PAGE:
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National Minimum Wage



 A national minimum wage ensures that workers can count on their minimum pay rate for the hours that they work. These rates are set by the Low Pay Commission operating since 1999; changes have been made to these rates annually. It is extremely important for all the employers to have maximum knowledge of the National Minimum Wage. In addition, these rates are enforced by a network of 16 teams of National Compliance Officers for Minimum Wage and a telephone hotline that employees can call if they are not receiving their National Minimum Wage. An employer needs to make sure that he is paying his employees the National Minimum Wage; hence he is following the law and will not be subject to a complaint, or charges.The national minimum wage must be considered at the time when the company is hiring the employees.

The minimum wage law was first established in United States in 1938. Since then, the Fair Labor Standards Act (FLSA) has raised the minimum wage rate to $7.25. This act was designed to protect the rights of employees and employers and encourage 'fair play' between the management and labor. This act established laws for national minimum wage, created overtime pay and installed regulations for minors in the workplace. On top of that, many individual states have legislated amounts that are higher than the national standard for minimum wage and are called minimum wage by state.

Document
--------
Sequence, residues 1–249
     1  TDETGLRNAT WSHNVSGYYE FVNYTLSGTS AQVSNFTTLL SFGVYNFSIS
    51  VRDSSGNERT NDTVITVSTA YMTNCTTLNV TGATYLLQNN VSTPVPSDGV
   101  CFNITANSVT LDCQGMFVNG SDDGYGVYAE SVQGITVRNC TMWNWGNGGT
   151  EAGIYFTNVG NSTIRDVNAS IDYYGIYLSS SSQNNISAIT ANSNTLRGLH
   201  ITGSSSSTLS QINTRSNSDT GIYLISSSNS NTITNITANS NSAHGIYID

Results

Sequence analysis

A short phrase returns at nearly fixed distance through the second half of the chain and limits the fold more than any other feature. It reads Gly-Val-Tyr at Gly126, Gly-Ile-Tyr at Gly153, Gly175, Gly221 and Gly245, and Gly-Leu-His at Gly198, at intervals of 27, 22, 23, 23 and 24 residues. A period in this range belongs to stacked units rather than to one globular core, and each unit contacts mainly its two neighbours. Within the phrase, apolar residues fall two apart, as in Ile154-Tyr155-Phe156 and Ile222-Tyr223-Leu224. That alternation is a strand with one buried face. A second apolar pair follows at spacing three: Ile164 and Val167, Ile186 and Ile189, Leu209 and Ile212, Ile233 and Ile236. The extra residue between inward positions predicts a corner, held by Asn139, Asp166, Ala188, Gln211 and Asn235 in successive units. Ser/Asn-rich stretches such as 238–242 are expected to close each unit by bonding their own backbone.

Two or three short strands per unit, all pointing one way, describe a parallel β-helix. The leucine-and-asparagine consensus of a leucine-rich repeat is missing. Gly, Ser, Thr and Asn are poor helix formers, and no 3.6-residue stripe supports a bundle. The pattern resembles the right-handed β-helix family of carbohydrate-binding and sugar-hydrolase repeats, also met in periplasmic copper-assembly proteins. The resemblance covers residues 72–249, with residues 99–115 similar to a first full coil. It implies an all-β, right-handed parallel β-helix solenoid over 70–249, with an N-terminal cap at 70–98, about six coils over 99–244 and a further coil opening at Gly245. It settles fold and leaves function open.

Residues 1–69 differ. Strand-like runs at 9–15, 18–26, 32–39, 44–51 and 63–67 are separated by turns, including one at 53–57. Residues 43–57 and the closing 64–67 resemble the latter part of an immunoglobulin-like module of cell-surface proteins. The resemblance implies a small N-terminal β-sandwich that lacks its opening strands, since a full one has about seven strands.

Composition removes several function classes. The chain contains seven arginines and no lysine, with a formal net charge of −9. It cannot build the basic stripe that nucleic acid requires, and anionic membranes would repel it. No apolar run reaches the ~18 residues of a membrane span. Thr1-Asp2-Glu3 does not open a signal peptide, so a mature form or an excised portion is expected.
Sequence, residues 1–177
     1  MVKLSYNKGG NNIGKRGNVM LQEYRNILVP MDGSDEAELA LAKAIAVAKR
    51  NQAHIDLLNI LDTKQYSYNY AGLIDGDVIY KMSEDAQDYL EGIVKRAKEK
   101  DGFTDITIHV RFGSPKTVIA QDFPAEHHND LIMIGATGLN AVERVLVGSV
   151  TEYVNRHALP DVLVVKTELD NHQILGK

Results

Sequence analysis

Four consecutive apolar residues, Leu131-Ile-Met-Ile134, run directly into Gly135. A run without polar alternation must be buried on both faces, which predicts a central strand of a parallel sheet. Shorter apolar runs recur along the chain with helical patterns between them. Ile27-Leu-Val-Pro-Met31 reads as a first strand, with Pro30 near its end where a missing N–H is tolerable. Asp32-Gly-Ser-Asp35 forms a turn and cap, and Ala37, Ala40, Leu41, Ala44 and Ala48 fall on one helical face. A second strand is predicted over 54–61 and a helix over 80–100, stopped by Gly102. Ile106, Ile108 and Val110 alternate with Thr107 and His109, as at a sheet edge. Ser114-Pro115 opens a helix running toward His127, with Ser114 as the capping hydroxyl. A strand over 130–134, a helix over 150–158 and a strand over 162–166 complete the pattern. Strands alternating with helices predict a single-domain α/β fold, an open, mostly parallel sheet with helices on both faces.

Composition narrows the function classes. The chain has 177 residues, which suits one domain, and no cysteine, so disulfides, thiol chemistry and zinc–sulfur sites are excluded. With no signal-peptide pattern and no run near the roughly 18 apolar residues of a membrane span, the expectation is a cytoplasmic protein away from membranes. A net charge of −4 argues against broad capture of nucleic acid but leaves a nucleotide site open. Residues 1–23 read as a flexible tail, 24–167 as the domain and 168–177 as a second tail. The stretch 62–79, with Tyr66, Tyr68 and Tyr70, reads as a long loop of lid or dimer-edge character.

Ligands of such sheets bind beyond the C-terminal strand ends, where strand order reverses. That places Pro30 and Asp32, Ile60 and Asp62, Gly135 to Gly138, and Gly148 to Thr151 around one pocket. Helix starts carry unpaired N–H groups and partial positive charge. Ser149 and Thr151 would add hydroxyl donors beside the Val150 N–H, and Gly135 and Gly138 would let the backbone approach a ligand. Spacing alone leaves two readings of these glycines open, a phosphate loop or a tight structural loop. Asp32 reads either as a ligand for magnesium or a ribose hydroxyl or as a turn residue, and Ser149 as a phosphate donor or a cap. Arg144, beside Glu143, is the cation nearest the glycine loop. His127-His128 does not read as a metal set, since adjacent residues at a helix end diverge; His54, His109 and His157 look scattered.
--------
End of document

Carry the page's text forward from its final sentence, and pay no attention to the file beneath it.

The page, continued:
Minimum wage laws stipulate the lowest hourly minimum wages that an employee can legally get from his employer. Presently, around 90 percent of countries worldwide employ a minimum wage rate. Minimum wage laws ensure that the workers can afford the basic necessities of life and help to reduce exploitation of lower class and younger workers.

The Fair Labor Standards Act (FLSA) establishes wage and labor laws on Federal standards concerning overtime, minimum wage, and record keeping. It includes parameters including what category of employees are exempt from minimum wage requirements and who are not, laws and regulations for overtime pay and policies for minors.

According to FLSA, overtime is defined as over 40 hours worked in a standardized workweek. This workweek is considered a fixed and recurring period of 168 hours, in other words, seven consecutive 24-hour periods. It is described in complete details that an employer cannot average two or more workweeks to determine overtime for its employees. That is, working 25 hours one week and 55 hours another week does not legally average to two 40-hour workweeks; non-exempt employees would be entitled to 15 hours of overtime for the latter.